After more than 131 years of proudly serving the community and providing generations of young men with the opportunity to grow spiritually, morally, intellectually, and physically, St. John’s Military School held its final graduation on May 11, 2019. The school will not reopen.
St. John’s has enjoyed serving young men and their families. Thousands of young men who have attended the school have gone on to become loving husbands and fathers, making significant contributions to our society. SJMS is a place that is considered a home to thousands of Old Boys across the United States and the world. We are saddened beyond measure that the faithful Old Boys and cadets of today who love St. John’s and treasure the memories and lessons learned at the school are now being asked to accept the closure of this historical and sacred place.
LETTER TO THE ST. JOHN’S FAMILY
February 6, 2019February 6, 2019 Dear Parents, Alumni, and Friends of SJMS: Please know that we pen this note with heavy hearts. With de...
History of St. John’s
Through the foresight and efforts of an Episcopal Bishop, the Right Reverend Elisha Smith Thomas, and a group of prominent Salina businessmen, St. John’s Military School for boys opened in 1887. These men recognized the need for a disciplined educational and living environment for young boys and established a military school to be operated under church auspices. In the more than 131 years since, St. John’s Military School for boys has helped raise young men into outstanding leaders.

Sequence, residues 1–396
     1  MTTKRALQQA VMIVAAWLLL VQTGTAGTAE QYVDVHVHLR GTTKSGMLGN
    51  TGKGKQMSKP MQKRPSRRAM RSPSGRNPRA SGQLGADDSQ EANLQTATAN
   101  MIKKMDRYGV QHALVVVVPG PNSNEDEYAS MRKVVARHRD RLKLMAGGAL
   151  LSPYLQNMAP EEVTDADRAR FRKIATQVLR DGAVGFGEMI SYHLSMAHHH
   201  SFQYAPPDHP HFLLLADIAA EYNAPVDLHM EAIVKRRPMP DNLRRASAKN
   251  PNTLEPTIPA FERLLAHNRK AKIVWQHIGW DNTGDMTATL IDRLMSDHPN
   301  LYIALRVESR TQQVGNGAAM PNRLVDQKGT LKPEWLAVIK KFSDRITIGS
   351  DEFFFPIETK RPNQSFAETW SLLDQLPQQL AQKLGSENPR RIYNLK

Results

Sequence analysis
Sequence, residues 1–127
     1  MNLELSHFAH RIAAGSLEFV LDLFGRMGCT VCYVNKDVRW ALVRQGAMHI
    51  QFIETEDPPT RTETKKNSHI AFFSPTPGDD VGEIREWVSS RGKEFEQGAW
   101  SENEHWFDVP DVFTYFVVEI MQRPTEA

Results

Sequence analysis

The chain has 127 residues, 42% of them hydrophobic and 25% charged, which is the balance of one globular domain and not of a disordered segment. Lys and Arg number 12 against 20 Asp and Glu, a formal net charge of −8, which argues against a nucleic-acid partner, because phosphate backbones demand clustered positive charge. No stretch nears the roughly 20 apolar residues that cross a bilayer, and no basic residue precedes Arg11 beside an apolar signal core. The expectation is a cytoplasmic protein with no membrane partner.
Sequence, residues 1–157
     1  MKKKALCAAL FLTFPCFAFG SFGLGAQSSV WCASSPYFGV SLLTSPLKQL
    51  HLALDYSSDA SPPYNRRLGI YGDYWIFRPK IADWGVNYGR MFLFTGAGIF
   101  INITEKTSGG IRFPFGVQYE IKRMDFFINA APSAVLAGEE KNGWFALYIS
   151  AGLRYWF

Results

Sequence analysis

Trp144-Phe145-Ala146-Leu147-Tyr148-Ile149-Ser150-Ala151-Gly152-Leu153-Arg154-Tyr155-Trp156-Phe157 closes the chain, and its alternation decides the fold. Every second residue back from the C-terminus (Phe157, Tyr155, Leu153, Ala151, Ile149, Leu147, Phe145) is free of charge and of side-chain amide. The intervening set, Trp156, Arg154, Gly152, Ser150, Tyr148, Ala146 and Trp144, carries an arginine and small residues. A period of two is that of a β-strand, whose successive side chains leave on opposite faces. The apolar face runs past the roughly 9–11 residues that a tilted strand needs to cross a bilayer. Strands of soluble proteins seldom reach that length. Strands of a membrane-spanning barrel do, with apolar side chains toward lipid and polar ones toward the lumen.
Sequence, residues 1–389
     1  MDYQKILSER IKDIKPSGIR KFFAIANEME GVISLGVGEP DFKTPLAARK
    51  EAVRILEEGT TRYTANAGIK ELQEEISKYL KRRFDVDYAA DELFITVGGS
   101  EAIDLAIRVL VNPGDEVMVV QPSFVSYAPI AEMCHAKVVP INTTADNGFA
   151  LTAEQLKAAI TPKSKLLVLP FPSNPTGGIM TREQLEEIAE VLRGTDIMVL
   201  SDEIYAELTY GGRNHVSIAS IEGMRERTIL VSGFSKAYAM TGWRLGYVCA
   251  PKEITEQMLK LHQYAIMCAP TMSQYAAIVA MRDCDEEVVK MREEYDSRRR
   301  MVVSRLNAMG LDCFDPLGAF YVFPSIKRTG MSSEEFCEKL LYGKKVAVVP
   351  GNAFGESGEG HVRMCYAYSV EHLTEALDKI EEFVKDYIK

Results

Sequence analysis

As a school founded by Episcopal Bishop Elisha Smith Thomas, religious training and education has been an essential piece of the St. John’s experience. The founders believed that a solid religious foundation is necessary in order to build the moral and ethical character that is required of any sound educational endeavor.
While much of the emphasis on a day to day basis at St. John’s revolves around Corps and academic life, the Chapel remains sacred and special at St. John’s Military School. It has opened its doors to thousands of Cadets who have become spiritual leaders in the 60 plus years it has been at St. John’s Military School. Prior to that time the Chapel stood at Camp Phillips, which was southwest of Salina, and was erected at the beginning of World War II. The camp served as a training site for soldiers going off to war and the Chapel served as a place of solace for those same soldiers.
Virgil “Lefty” Loy, a long time teacher and coach at St. John’s Military School, wrote about the acquisition of the Chapel in his work, “St. John’s Military School…A History”. He writes,
“When World War II ended in the fall of 1945, Camp Phillips, an Army training base southwest of Salina, was deactivated. Many of the buildings at the camp were sold by the government. These conditions gave Col. Clem an opportunity to further expand the physical plant of the School.
At a meeting of the Board of Trustees on November 9,1945, the following resolution was moved, seconded and passed that, ‘The Board of Trustees approved filing a bid of $1,500 for one of the Chapels at Camp Phillips, the selection of the Chapel being left to Colonel Clem, who succeeded in purchasing the building for $2,000. The building was moved to the school campus, remodeled and furnished. It was dedicated and consecrated by Bishop Nichols in 1947.”
Since those days, the Chapel has been renovated and received stained glass in the late 1970s. In the early 1990s, a new organ was given to St. John’s by an anonymous donor from Salina. Also, to enhance the worship of God in the Chapel, 12 Holy Icons, painted by Mrs. Erin Kimmett, were added. Most recently, the Chapel has been improved by new siding and carpeting provided by Mrs. Jessie Given.
Handle of Memories